I now have six pupils for my French class. Four adults and two children. The latter have a rather strange arrangement. They are home schooled but are taught by tutors at their parents’ place of work in Woodstock. I’ve only had contact with two of the tutors and will be going there next week, so I will know more then. The idea of teaching children had me in a panic. I’ve never taught children before. But I found some useful hints on the internet. Am introducing a third ‘class member’. His name is George (pronounced Zhozh) and he is one of my mum’s bears. I’ll be using him to teach the children words like ‘derriere’, ‘sur’, sous, devant ( behind, on top, under, in front) by putting him in various places and asking: “Ou est George?’ Should be fun.
Probably because I’m in a French mood, I’ve been on a croissant crusade. The BP around the corner from me, sells them and ‘pains au chocolat’ which is sometimes incorrectly called a chocolate croissant. The ‘pain’ is flatter, square, less airy and little more substantial than a croissant. It only cost R5.50 and was great. I then tried Woolworths croissants, which are far too doughy to be authentic but not bad if you want to make a sandwich out of them. Finally, Spar sells chocolate croissants which are not at all authentic but melt in the mouth delicious, all that gooey chocolate that sticks to your fingers!!. But BP gets my vote for authenticity and taste.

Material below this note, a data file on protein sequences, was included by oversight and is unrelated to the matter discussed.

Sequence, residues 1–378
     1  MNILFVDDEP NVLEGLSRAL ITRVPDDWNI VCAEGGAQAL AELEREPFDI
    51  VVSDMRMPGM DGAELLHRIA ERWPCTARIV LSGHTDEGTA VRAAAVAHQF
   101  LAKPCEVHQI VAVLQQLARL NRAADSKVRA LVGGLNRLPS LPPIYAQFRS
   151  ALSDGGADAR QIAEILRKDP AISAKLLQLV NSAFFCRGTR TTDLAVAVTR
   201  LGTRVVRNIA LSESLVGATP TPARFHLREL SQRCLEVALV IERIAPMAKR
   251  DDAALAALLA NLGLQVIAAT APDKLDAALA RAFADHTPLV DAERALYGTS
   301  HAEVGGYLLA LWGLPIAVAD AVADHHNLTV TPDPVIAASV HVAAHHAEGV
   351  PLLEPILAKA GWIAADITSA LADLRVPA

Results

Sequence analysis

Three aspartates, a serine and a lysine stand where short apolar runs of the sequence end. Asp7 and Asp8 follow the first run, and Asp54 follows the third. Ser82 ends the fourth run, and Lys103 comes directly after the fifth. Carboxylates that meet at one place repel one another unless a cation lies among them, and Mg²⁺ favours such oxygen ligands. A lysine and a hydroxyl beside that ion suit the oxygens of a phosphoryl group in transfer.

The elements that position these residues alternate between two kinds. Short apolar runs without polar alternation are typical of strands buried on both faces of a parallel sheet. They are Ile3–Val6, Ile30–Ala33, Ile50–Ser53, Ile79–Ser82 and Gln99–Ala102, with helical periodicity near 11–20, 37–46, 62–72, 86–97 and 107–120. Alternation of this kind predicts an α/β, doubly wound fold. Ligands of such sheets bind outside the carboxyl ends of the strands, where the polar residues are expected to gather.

The croissant was supposed to be part of my new routine – to have at tea break in the office. The office!!! It beckons but I don’t go. As mentioned, my car is programmed to head for Driftwood and the ducks and . . .
While on the croissant crusade I purchased some Nescafe which I had been putting off doing because Checkers only had the bottles and not the packets which I assumed were cheaper. Wrong. I did the calculations right there in the shop with my cell phone. The packet costs R28.60 per 100 gm compared to R26.49 for the bottle. The packet is 150 gms and sells at R42.99, the bottle is 200 gms and sells at R52.99. I’m told selling things in small quantities is part of a new marketing strategy aimed at poor Africans. This African has got wise to it.